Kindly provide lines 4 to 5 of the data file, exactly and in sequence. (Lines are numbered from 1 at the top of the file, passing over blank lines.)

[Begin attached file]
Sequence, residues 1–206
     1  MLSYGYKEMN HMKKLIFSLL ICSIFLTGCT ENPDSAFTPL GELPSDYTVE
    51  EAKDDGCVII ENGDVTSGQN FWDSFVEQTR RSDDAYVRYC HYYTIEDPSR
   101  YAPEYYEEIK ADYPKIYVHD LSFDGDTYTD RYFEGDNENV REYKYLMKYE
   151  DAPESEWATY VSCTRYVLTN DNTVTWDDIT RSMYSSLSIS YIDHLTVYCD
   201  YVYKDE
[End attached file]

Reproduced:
   101  YAPEYYEEIK ADYPKIYVHD LSFDGDTYTD RYFEGDNENV REYKYLMKYE
   151  DAPESEWATY VSCTRYVLTN DNTVTWDDIT RSMYSSLSIS YIDHLTVYCD